This week Google rolled out Search plus Your World; a new ‘personal search’ that merges people, posts, and +1’d pages with usual search results. So, is personal search the death of SEO as we know it?
Twitter immediately called this ‘bad for the internet’ and many people have called this Google’s attempt to dominate social media. However, Google is defending itself by claiming that if Twitter (and other sites) open up their APIs then they will include them in the personal search results. If this happens, along with predictions that Search plus Your World will soon include Gmail, Google Docs, Google Calendars, etc. then it will completely change the way we search.
For the first time ever, you will be able to search through all of your personal online information – anything from a Tweet to a sent email can be searched through, as well as activity from your friends.
The ramifications of this are huge – imagine being able to stare at a list of every piece of information you have written or shared (or that has been shared with you), sorted by a keyword. A search for ‘dog’ would bring up all photos, emails, posts, and appointments with the word dog in. Incredible.
However, there are also ramifications for SEO. Another benefit of a personal search is that all results appear with the assumption that you or your friends have recommended them. Websites with multiple +1s (and Tweets and Likes in the future possibly) from your friends. Suddenly all those years of link building and designing websites for search engine bots seem wasted. Now it is all about humans.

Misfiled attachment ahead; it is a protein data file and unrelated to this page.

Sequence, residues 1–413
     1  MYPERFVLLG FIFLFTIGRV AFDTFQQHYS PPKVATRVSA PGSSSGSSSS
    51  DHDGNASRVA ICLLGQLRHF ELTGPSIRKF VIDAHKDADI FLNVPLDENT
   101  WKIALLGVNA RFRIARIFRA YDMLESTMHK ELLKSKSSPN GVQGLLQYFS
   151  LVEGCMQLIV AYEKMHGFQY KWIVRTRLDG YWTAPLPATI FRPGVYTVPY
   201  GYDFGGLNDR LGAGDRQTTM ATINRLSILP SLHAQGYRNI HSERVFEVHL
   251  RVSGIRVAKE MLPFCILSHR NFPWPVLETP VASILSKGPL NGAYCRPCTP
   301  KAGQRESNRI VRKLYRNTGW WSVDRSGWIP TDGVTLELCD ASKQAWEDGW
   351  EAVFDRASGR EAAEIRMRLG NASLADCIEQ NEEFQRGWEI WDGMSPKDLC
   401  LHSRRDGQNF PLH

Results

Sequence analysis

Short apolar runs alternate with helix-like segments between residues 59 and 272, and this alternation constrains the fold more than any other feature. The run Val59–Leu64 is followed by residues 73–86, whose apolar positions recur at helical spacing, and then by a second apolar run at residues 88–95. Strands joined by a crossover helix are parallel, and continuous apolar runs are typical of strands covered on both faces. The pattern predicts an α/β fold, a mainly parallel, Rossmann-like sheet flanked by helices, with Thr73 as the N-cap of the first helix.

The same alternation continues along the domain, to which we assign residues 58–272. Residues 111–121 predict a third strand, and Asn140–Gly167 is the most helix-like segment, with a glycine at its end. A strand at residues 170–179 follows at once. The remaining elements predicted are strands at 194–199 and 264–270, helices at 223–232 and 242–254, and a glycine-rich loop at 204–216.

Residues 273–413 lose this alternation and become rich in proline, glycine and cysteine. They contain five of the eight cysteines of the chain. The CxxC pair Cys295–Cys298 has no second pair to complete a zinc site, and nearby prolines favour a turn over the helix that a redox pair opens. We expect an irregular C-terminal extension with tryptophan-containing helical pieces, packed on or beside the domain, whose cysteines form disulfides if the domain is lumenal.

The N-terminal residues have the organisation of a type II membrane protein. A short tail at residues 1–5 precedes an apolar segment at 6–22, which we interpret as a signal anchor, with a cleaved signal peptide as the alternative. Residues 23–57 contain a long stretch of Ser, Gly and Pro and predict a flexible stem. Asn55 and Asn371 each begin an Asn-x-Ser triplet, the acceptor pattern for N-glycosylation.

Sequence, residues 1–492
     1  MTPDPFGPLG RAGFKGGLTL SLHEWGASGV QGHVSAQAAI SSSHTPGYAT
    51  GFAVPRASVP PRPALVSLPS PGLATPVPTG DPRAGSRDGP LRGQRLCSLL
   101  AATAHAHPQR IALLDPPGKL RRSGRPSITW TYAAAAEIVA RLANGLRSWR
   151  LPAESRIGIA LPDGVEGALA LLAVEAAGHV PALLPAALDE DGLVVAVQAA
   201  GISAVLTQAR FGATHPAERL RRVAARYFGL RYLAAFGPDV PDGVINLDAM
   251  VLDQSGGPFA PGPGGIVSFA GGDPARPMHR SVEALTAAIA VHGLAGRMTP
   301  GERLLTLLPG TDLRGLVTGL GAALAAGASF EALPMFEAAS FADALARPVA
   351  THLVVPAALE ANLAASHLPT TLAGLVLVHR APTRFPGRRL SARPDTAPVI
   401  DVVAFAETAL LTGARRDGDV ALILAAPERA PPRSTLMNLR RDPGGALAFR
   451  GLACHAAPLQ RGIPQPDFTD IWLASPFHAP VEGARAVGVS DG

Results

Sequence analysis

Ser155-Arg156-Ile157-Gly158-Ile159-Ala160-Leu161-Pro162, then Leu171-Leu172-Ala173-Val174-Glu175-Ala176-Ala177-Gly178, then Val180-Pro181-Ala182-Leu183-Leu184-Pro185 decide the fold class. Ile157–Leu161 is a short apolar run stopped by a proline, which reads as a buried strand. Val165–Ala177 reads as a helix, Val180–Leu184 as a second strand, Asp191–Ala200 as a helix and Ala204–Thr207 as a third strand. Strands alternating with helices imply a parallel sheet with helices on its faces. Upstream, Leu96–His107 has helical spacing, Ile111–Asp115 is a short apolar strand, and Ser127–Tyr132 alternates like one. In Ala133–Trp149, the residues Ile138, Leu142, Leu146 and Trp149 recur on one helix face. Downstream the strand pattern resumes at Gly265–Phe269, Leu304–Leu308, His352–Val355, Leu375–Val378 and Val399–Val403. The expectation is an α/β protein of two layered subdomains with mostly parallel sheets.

You will only appear in search results if people are talking about you, people will only talk about you if you provide content they want to share. Content marketing becomes incredibly important, not for links but for social shares. So what can you do to prepare for these changes?
Firstly, don’t give up on SEO. Many people are rejecting Google’s changes and we might see a mass migration to Bing or people will simply opt to click ‘global search’ instead of ‘personal search.’ Secondly, concentrate on your social media strategy and content strategy. SEO used to be about search robots, often at the cost of user experience. User experience is now key.
The biggest losers in this change are (as usual) black-hat SEOs. Those who have been gunning for Number 1 for everything at the expense of human interaction. Throwing content up without bothering to share it or even encouraging people to read it, it’s all for robots anyway, isn’t it? Well, those people won’t ever appear in personal search results.
Google is right to use social sharing as a method of making its search results more useful. After all, the goal of Google is to produce the results that searchers want. What better way to do that than to use social signals?